On Dec. 1 at 1000 p.m. CHST (1200z/7 a.m. EST/U.S.) the center of Typhoon Bopha was located near latitude 5.4 degrees north and longitude 140.1 degrees east. That placed Bopha's center about 270 miles southeast of Ngulu and about 315 miles south-southeast of Yap. Maximum sustained winds were up to 130 mph. When NASA's TRMM satellite passed over Typhoon Bopha at 0402 UTC on Dec. 1 (Nov. 30 at 11:02 p.m. EST/U.S.) it captured an image of the storm that clearly revealed an eye. It also showed tight circulation and an expanded area of very heavy rainfall located from southwest to southeast of the center of circulation where rain was falling at a rate of 2 inches/50 mm per hour.

The next day, Dec. 2, 2012 at 0145 UTC (Dec. 1 at 7:45 p.m. EST), the Moderate Resolution Imaging Spectroradiometer (MODIS) instrument on NASA's Terra satellite captured a visible image of Super Typhoon Bopha approaching the Philippines. The visible image showed a tightly wound center of circulation, with the eye obscured by high clouds. At the time of this image, Bopha's maximum sustained winds were near 155 mph, a powerful Category 4 super typhoon on the Saffir-Simpson scale.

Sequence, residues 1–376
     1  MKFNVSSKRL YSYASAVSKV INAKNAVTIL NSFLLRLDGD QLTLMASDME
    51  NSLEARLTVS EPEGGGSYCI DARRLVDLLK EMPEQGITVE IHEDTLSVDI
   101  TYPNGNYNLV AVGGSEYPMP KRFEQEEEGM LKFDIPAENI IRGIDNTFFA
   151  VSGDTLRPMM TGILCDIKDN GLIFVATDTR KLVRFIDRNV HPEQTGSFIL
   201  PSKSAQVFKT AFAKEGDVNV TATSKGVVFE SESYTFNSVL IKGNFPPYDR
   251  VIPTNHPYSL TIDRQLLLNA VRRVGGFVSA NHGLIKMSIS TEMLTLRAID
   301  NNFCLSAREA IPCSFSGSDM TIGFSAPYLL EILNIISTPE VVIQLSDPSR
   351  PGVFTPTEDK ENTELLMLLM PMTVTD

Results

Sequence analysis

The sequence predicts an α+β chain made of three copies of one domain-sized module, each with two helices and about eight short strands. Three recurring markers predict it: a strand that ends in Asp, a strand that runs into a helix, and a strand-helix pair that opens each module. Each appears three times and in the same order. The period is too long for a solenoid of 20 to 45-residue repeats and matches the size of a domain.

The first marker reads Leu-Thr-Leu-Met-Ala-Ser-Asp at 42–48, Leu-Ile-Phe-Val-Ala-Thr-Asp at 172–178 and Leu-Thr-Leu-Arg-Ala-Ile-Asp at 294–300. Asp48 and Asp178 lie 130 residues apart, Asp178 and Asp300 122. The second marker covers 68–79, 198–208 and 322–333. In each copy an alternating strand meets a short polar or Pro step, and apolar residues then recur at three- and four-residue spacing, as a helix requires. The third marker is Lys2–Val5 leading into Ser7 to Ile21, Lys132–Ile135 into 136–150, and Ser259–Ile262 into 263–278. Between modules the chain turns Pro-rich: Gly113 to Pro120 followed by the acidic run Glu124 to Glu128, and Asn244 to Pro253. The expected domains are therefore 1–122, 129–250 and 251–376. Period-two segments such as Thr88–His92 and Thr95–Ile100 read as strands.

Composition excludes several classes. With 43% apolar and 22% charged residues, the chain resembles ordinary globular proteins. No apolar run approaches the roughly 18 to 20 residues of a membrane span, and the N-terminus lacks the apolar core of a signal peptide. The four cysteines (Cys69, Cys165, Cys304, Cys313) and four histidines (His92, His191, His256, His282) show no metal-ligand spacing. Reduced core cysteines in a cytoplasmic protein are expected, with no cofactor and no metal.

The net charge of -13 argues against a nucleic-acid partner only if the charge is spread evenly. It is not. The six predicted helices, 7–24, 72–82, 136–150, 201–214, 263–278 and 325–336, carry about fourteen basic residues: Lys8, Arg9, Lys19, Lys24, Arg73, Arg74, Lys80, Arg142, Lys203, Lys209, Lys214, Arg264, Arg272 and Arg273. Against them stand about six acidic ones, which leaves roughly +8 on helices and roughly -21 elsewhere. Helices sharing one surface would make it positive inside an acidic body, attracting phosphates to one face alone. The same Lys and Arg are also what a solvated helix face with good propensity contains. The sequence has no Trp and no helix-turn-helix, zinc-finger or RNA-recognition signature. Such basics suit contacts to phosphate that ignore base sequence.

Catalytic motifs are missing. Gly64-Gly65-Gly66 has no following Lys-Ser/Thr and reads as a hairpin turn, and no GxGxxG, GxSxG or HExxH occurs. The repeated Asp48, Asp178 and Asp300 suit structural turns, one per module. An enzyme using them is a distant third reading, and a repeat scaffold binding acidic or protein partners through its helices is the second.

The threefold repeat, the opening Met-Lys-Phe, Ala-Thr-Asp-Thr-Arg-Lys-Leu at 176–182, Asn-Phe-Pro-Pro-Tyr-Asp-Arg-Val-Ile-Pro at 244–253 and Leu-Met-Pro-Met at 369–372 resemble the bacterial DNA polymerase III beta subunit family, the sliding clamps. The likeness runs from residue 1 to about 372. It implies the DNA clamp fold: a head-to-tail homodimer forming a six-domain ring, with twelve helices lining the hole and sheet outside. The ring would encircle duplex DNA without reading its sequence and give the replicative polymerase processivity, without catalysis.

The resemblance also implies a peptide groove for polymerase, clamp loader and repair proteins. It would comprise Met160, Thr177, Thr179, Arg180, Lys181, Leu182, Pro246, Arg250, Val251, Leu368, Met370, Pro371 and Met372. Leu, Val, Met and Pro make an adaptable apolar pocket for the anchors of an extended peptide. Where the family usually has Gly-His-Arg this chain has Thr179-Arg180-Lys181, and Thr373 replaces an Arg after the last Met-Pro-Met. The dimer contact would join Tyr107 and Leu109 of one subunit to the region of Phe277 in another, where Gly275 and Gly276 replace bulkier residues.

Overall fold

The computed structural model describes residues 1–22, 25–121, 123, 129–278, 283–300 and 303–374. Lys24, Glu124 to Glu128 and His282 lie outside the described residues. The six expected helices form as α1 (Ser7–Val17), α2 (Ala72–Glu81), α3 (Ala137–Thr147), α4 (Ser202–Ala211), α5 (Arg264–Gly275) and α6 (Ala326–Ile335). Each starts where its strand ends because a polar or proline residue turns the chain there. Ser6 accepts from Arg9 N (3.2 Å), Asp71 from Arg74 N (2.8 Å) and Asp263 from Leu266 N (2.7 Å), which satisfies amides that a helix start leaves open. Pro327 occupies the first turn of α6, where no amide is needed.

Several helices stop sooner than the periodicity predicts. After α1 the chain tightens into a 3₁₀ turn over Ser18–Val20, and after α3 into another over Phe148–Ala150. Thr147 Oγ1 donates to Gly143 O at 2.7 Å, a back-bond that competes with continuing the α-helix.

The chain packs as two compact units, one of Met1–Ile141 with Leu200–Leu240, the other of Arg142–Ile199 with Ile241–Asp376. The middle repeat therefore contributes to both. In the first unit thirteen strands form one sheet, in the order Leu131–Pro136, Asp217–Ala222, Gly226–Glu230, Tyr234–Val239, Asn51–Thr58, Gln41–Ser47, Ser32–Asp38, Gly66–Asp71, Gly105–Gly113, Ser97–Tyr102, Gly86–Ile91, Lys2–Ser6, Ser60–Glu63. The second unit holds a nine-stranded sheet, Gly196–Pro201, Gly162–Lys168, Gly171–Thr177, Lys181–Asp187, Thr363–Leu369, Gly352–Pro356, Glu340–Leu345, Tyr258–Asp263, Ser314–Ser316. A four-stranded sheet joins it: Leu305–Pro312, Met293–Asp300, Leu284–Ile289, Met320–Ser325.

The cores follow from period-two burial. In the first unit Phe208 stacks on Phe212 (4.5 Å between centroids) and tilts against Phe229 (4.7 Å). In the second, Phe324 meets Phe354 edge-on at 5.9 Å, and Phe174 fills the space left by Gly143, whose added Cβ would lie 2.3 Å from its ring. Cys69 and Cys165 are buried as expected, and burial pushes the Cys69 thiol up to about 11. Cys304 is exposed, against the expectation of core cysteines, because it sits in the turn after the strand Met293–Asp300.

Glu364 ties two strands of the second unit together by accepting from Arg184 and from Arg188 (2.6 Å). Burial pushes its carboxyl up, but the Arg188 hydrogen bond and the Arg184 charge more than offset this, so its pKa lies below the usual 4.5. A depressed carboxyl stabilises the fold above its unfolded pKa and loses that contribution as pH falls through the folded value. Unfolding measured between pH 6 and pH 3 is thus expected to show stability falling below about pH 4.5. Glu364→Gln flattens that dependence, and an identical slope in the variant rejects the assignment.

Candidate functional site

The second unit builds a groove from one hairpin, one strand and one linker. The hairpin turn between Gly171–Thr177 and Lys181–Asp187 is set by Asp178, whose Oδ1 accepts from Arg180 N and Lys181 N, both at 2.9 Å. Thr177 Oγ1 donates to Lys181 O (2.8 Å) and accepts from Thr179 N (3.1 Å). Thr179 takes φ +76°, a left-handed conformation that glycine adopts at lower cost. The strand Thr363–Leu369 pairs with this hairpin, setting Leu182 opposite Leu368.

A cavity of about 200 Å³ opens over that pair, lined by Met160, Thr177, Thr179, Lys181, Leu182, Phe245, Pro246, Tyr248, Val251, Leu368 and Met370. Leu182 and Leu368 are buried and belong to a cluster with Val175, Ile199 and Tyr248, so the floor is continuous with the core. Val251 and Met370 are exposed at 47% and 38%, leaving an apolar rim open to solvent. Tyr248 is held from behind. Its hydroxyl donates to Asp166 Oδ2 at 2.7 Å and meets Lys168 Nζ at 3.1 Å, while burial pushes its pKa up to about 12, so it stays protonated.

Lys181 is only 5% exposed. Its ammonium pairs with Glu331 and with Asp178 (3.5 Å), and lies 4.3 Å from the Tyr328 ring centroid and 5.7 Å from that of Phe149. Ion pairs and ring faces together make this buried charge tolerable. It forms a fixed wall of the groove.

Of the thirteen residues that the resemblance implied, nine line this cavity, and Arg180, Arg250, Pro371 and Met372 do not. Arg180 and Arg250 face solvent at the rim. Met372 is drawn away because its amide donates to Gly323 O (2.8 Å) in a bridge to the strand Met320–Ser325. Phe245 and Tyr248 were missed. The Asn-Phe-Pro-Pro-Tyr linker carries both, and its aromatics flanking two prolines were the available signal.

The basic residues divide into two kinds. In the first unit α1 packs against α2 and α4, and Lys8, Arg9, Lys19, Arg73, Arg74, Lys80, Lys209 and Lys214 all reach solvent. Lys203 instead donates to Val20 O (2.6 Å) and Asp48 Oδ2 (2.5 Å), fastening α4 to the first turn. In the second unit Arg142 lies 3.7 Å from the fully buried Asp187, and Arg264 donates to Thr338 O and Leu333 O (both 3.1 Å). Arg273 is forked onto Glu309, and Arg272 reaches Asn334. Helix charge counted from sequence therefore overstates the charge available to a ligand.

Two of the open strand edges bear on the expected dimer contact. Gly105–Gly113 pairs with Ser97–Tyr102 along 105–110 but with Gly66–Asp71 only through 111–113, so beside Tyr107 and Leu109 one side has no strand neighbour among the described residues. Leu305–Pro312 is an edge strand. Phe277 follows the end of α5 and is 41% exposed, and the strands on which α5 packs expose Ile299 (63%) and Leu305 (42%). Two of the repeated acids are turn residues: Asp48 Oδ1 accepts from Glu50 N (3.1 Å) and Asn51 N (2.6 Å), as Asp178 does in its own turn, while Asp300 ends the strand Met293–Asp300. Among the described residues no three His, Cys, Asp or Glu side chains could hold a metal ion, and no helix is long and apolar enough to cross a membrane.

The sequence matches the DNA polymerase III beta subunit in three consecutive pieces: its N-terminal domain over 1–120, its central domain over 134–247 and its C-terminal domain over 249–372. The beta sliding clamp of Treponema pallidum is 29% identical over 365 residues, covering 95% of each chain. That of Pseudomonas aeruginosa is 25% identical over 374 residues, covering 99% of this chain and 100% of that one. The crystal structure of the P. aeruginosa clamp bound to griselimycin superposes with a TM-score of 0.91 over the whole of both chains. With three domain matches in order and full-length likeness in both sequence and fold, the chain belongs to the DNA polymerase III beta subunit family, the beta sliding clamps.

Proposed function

NASA's TRMM satellite captured rainfall data on Super typhoon Bopha on Dec. 2 at 1435 UTC (9:35 a.m. EST) and showed areas of heavy rainfall spanned from the northeast to the southern quadrant of the eye. The heaviest rain was falling at a rate of more than 2 inches (50 mm) per hour.

On Dec. 3 at 1 p.m. CHST local time, (0300 UTC/10 p.m. EST/U.S., Dec. 2) the eye of Typhoon Bopha was located near latitude 6.9 degrees north and longitude 130.9 degrees east. This is about 140 miles northwest of Sonsorol and 240 miles west of Koror. At that time, maximum sustained winds had dropped to 120 mph.